Battle of Manila Bay, 1898

Contemporary print of the battle, with Commodore Dewey's portrait in the bottom left corner. Original in the collection of the US Navy History & Heritage Command.

Location Manilia Bay, Philippines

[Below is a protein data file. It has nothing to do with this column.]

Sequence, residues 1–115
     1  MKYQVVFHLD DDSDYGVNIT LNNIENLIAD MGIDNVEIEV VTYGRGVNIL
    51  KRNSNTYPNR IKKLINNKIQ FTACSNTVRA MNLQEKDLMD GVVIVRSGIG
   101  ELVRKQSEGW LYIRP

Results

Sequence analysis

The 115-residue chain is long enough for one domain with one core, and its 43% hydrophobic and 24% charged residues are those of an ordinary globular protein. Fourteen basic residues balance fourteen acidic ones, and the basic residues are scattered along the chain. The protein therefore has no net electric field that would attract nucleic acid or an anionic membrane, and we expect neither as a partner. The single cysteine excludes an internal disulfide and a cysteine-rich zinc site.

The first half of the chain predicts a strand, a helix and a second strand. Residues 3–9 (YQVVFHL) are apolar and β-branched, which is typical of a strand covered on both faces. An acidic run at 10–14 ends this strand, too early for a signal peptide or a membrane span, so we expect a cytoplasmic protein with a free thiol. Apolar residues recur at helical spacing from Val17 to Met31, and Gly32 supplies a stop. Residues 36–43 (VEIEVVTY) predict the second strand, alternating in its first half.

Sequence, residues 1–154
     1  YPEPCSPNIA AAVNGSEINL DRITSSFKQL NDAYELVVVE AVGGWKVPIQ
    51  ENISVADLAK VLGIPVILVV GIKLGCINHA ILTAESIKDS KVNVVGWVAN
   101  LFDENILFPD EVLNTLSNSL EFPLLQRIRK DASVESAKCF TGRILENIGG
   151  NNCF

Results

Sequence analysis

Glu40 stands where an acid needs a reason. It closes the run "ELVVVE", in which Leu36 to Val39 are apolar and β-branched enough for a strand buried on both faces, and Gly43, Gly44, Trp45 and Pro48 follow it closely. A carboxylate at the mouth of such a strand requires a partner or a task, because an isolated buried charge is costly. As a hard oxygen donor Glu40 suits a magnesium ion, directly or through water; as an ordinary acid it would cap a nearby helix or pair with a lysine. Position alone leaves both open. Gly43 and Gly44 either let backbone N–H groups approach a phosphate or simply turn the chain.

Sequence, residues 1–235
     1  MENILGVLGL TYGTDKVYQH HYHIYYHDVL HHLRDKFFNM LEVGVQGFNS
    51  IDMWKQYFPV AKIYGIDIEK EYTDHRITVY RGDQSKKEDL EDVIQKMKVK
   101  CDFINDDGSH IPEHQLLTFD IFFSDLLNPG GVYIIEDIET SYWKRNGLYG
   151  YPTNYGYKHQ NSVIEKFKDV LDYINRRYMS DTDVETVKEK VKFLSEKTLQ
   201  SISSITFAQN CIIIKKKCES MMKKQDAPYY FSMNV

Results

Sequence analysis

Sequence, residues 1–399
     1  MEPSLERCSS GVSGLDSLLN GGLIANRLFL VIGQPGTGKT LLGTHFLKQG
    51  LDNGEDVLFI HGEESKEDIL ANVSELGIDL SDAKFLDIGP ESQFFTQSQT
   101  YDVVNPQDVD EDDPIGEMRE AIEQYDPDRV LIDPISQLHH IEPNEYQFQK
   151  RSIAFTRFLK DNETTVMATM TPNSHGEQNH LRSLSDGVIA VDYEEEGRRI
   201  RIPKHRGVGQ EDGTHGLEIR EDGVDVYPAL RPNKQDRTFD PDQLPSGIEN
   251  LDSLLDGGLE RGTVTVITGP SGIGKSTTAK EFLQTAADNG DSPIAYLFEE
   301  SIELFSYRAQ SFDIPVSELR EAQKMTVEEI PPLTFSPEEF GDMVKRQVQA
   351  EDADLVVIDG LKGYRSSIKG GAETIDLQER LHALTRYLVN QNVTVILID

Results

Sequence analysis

When the US declared War on Spain in April, 1898, there was fear of an attack on the American West Coast by the Spanish Pacific Squadron. However, it was only equipped with a handful of largely obsolescent ships, one of which only had enough guns for one side of the ship. Nevertheless, Commodore George Dewey was dispatched to deal with them, leading from the USS Olympia. Three protected cruisers and two gunboats accompanied Olympia into Manila Bay from the South, bypassing the mines in the Corregidor channel, and avoiding gunfire from the defending forts. The Spanish ships were anchored in a line, making them sitting ducks, and the crews had not been training for over a year, but they opened fire at 5:15 in the morning, 1 May, 1898. Unfortunately for the Spanish, their greatest asset in the battle, the shore batteries, never came within range of the American ships. At 5:41, Dewey gave his now famous order "You may fire when ready, Gridley" and the Yankee ships laid into the Spaniards. Firing at ranges from 5,000 down to 2,000 yards, the Americans made several passes at the Spanish line. The Spanish flagship Reina Cristina managed to get underway, and tried to ram, but was taken under fire by all US ships and forced to beach herself. At 7:45, Dewey was informed that ammunition was running low, and ordered a withdrawal, telling the crews it was so they could have breakfast. Initially it was hard to see if any damage had been done to the Spanish ships, but action was resumed mid morning after finding that the low ammunition report was inaccurate. Most of the Spanish ships were scuttled, and they had surrendered by 12:40 that afternoon. Seven Spanish cruisers and a transport were sunk, and seventy-seven men killed, while the Americans lost a single man dead to heatstroke.